height of fence needed

by Helen Yzaguirre
(Rock Hill, SC)

I have small side yard about 12 wide by 80 ft long with 4 ft black aluminum fence. People and dogs walk by during day. The front of house has 3 ft fence. If trained and socialized from a pup will my Pyrenees bark at neighbors and try and jump the fence? I would be walking my Pyrenees up to 5 miles a day. I am retired at with my dog most of the day.

Comments for height of fence needed

Average Rating starstarstarstarstar

Click here to add your own comments

Jan 31, 2017
Rating
starstarstarstarstar

by: Great Pyrenees Club

They can jump 4 feet. A minimum of 5 feet is recommended. Even then, some will scale the fence to get out. It depends on the dog.

No, you cannot train a Pyr to not jump out or not bark.

Here is a brief summary of what to expect from a Pyr:

They are beautiful dogs with great temperaments given the right breeding, socialization, care including diet and training.

They require a good weekly grooming to keep them mat free and their skin healthy (hence, pain free from the pulling of mats as they move), and cutting their nails including their dew claws every couple of weeks to a month. NEVER have their dew claws removed. This is a barbaric practice. Simply keep the dews trimmed.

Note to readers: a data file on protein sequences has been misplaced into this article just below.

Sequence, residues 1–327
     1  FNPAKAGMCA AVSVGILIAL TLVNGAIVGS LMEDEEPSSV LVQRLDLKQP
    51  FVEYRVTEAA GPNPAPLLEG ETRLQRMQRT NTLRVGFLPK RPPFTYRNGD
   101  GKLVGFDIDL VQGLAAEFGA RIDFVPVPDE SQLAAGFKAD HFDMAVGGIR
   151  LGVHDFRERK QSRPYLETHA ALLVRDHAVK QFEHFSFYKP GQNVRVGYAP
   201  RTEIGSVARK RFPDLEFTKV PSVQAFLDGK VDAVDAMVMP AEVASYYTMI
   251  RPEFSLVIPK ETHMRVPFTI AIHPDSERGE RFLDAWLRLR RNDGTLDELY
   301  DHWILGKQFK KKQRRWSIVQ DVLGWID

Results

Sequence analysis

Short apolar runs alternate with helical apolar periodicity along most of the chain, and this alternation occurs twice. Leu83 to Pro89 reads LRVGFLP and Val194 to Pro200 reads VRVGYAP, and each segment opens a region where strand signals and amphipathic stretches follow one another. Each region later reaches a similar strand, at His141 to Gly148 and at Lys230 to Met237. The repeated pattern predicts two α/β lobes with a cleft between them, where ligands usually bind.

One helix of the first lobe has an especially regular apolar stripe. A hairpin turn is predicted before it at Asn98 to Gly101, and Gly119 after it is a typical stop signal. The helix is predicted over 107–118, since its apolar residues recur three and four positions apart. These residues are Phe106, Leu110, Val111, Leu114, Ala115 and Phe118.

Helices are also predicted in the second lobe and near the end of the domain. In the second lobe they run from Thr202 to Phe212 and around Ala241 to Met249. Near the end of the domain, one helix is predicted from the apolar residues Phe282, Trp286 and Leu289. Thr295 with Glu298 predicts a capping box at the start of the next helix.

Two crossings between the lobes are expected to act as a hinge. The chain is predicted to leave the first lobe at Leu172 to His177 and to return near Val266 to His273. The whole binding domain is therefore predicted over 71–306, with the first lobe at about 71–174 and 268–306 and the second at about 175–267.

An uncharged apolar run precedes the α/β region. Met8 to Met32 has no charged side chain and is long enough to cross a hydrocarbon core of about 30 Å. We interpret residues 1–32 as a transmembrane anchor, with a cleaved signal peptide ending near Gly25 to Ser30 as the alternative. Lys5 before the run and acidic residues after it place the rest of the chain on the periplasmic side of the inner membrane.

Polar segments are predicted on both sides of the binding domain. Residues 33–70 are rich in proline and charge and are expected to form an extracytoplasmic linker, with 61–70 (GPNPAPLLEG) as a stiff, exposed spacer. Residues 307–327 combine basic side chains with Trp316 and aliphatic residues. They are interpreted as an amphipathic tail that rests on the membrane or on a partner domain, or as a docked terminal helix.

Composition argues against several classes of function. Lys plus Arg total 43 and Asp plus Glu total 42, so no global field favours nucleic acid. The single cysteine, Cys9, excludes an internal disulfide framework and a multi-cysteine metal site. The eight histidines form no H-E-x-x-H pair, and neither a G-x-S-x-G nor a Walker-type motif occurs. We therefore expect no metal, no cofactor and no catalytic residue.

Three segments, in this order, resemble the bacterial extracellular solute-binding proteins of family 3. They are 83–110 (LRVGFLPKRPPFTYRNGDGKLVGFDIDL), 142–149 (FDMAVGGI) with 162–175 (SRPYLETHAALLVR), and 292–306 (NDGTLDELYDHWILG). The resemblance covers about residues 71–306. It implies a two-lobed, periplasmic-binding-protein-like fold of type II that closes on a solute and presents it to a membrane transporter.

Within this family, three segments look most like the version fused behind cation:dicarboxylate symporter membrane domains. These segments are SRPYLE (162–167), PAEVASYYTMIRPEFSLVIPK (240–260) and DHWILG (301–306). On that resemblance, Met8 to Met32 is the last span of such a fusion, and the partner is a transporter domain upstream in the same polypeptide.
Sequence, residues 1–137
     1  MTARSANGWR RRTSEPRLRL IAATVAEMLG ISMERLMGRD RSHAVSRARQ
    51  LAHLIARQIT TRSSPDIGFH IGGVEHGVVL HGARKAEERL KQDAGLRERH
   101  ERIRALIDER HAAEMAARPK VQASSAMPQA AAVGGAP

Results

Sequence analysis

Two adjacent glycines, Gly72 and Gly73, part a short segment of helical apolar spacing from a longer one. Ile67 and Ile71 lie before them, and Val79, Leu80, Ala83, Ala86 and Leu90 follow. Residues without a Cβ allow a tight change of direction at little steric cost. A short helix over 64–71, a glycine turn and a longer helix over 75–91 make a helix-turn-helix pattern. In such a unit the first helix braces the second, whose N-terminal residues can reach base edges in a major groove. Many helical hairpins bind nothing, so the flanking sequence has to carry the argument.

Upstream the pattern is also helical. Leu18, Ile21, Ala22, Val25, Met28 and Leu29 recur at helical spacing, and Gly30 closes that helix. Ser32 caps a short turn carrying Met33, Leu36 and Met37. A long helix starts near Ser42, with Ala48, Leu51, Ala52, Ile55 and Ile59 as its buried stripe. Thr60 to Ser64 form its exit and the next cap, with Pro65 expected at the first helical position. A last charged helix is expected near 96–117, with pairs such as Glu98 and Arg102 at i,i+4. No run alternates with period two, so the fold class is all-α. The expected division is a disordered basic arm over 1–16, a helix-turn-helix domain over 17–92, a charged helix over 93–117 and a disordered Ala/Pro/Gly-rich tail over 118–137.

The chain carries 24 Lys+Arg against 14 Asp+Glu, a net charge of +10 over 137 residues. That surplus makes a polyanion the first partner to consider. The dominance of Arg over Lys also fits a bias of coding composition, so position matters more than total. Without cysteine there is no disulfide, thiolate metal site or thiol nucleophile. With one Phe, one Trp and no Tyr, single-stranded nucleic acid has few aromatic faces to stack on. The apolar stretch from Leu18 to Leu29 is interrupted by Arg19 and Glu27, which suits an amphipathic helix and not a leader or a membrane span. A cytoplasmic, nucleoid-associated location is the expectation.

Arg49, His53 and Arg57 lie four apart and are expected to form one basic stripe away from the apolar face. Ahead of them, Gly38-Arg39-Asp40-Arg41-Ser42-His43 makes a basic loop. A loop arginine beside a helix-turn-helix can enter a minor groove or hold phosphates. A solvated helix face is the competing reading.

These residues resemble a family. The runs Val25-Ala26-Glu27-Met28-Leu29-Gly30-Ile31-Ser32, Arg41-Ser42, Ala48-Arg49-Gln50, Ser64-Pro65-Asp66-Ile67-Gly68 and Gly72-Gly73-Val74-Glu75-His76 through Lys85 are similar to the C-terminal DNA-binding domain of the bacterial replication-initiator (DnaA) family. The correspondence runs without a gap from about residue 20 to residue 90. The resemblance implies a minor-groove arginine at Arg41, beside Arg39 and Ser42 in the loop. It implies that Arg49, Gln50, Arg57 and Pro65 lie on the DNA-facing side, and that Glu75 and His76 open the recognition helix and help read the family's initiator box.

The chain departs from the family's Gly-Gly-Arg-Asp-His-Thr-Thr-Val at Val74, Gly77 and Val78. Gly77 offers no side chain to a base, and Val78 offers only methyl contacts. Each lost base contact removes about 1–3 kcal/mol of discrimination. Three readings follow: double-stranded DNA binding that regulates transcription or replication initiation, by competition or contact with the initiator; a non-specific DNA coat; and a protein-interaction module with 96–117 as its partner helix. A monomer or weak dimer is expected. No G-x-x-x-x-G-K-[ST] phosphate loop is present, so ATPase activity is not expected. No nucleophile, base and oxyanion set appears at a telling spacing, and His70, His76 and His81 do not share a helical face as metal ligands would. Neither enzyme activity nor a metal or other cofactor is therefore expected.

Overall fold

They molt twice a year and all year round so your vacuum stays full. NEVER shave a Pyr. Their double coats keep them cool in summer and warm in winter. If you don't like grooming, take your dog to a master groomer. If you don't want to, this isn't the dog for you.

Their instinct it to wander. Therefore, they require at least a 5-foot secure fence in a large yard in which they can play, run and watch over. Some have been know to scale any height of fencing. No tie outs for these guys. It can lead to aggression since they cannot fully watch over their territory. If they are out all day, as they usually prefer, they need shelter from the elements. And, no electric collars.

They bark more than most dogs and neighbours do complain. That is a common reason for people surrendering their Pyrs (they didn't do their research). Their bark is what deters predators and it is instinct to them. That and marking their territory. To take away their bark is to take away who they are. The barking can be managed but it takes time, patience and consistency with positive-reinforcement training. If you don't like barking, they are not the dog for you.

They dig holes in your garden to stay cool in summer.

They require a lot of socialization as pups onward with people and other dogs. They also require positive-reinforcement training (a trainer who shows you how to work with a clicker). Pyrs, nor any dogs, take kindly to any kind of punishment. Always use positive-reinforcement training.It will lead to aggression. Dr. Sophia Yin is a great website resource.

It's important to work with the dogs as if in a dance and you are leading. Rewards for good behaviour and redirect for unwanted behaviour. It's up to you to make them a good canine citizen. When engaging a trainer, ensure they use positive-reinforcement training to show you how to manage your dog. Never send a dog away for training. You are the one working with the dog, not a trainer. If you are not ready to train a dog, this is not the dog for you.